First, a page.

At the end of a 33-27 season on May 25, Winthrop coach Joe Hudak wasn't overjoyed, but was optimistic about 2008. The Eagles stood to return seven position starters and most of their starting pitching staff, and the potential to return to the NCAA tournament was good.
The potential is still good scarcely more than two months later. But if the Eagles do make it to the final 64 next year, it will be a with a lot of new faces.
Hudak recalled an interesting summer Thursday while reclining in his office. It quickly became apparent this wasn't an average offseason.
"I'm probably looking forward to coaching this season as much as any I have in the past," he said. "We'll take the guys that are here and we'll work hard and we'll have a good year."
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The good news -- Winthrop came through the annual coaching domino effect with no losses, returning its staff. And the projected starting lineup Hudak looked forward to at the end of last season should be on campus within the next month.
The bad news -- the Eagles' top two pitchers and starting designated hitter won't be around. Two projected starters in the field are nursing injuries and may miss portions of fall practice.
"It's been kind of an interesting summer," Hudak said.
Ace pitcher Alex Wilson felt some discomfort when throwing in the Cape Cod League this summer and it was revealed he had a ligament tear. The Eagles' top pitcher each of the past two years, Wilson had Tommy John surgery and won't pitch next season.
Compounding the problem is Wilson will be draft-eligible after this year, and even with the surgery, he may be a hot commodity. Wilson could be drafted in the low rounds and elect to return to Winthrop, but may have also pitched his last college game.
Jason Franzblau, the team's No. 2 pitcher who won eight games last season, won't return.
"Last week I dismissed Jason Franzblau from the team," Hudak said. "Jason's a good kid, he didn't break any laws ... (but) his actions were not what I want in a Winthrop baseball player. (His) actions and attitude, I guess, were not what I want in my players."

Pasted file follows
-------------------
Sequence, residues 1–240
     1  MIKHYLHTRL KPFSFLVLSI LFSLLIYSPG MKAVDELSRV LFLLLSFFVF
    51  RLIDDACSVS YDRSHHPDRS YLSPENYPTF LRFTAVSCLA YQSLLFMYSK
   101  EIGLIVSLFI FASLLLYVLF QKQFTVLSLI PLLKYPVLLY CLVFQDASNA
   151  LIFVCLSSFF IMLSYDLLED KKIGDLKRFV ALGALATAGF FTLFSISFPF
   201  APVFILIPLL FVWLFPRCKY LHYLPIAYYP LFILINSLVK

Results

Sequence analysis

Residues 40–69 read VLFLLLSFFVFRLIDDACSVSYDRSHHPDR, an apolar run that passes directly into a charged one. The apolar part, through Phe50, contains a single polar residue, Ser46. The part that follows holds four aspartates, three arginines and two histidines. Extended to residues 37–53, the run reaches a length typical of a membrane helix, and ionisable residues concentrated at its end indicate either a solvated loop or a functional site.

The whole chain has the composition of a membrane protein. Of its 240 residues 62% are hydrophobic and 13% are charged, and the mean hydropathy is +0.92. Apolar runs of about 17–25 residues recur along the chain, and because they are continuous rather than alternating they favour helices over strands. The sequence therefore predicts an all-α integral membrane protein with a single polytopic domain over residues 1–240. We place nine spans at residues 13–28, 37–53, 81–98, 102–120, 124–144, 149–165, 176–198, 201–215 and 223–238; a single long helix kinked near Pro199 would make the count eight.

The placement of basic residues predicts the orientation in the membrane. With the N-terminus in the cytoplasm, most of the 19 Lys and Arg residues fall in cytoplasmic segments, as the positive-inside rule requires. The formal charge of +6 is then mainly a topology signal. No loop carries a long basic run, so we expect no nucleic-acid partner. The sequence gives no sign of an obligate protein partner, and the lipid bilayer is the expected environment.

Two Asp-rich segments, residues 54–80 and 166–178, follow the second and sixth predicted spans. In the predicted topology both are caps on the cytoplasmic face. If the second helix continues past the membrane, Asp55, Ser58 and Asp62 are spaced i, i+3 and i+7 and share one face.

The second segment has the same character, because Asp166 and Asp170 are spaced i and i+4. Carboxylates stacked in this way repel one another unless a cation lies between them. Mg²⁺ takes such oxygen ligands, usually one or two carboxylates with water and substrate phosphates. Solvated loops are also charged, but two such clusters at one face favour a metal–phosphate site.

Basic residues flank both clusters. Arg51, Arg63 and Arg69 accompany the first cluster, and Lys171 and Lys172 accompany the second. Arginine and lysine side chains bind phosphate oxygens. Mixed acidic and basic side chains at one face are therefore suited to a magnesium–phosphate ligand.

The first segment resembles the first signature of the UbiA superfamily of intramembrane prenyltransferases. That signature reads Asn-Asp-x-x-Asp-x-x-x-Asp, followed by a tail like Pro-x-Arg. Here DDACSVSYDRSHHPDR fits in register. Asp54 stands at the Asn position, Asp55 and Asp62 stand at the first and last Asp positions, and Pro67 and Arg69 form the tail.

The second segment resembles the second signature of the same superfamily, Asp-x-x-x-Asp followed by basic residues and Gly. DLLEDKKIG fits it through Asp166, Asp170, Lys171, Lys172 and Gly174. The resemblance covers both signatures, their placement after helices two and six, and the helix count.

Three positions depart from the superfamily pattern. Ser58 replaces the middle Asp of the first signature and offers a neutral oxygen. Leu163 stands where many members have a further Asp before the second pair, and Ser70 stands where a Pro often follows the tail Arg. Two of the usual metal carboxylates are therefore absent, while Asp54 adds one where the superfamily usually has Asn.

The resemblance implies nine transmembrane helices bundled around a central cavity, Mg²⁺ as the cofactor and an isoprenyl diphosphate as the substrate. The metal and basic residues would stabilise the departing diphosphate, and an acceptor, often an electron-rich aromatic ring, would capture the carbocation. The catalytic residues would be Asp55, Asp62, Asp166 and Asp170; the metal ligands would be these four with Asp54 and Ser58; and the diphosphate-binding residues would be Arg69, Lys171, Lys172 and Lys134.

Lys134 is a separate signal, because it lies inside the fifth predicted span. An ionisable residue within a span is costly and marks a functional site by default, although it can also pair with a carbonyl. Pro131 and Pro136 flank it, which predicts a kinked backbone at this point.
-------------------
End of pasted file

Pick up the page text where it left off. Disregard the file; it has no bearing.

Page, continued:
Wilson and Franzblau combined for 14 wins and were among the Big South Conference leaders in ERA and strikeouts.
The Eagles are down to five-game winner Josh McDonald, senior Ryan Schwartz and a collection of guys who spot-started last season or the four pitchers Hudak signed in his 11-man recruiting class.
"When you lose your one and two, guys that are proven starters, obviously it's cause for everyone in the staff to step up," Hudak said. "About every role on the club right now, on the pitching staff, is wide open."
Designated hitter Phil Carey decided to transfer, taking advantage of college baseball's last year of transfer eligibility.
The old rules stated any player could transfer to another school and play the next season, instead of having to sit out a year. The new rules, which go into effect in January, place baseball on the one-year penalty list, which caused Carey and pitcher Chris Pepe to try their luck elsewhere.
Pepe, a big right-hander who sat out last year with arm trouble, decided to stay closer to his Pennsylvania home and did so with Hudak's blessing.
Carey, a Canadian native whose father lives in Texas, was another story. Hudak was stung by Carey's defection, saying the player felt it would help his draft status by going elsewhere. The Eagles' third-leading hitter, Carey batted .325 with four homers and 37 RBIs last season.
"One of the problems that you have in society today in general is a lack of loyalty," Hudak said. "I certainly would have every legal and moral right to not release him ... but his dad lives in Texas so I actually just (Wednesday) released him to five or six schools in Texas."
Third baseman Bryn Henderson and left fielder Billy Froehlich suffered injuries in summer ball, although both are expected to be fine by the time the season rolls around. Henderson popped a ligament in his wrist and had to have surgery, putting him on the bench for the fall session, and Froehlich has shoulder tendinitis that won't affect his swing but could keep him out of the field in the fall.
Naturally, there was a period where some Winthrop fans or personnel could have panicked and questioned how good the team was going to be. Hudak said the thought may have crossed his mind but was quickly squashed.
"I'm not sitting here wringing my hands, saying, 'Oh my gosh, what are we going to do?,'" Hudak said. "I want kids who are here that want to be here and we're going to work very hard coaching those guys."
The recruits and the returnees begin class Aug. 21 with a team meeting set for the night before. Weightlifting and conditioning begins then and team drills are from late September to early November.
Yes, it's going to be tough to replace the losses, but Hudak's in charge of rising above it.
"We've had good clubs with lesser talent in the past," he said. "We'll be fine."
n NOTE: Hudak said renovations at The Winthrop Ballpark could be done within two weeks, leaving just the cleanup and move-in processes. The park should be ready for the 2008 season.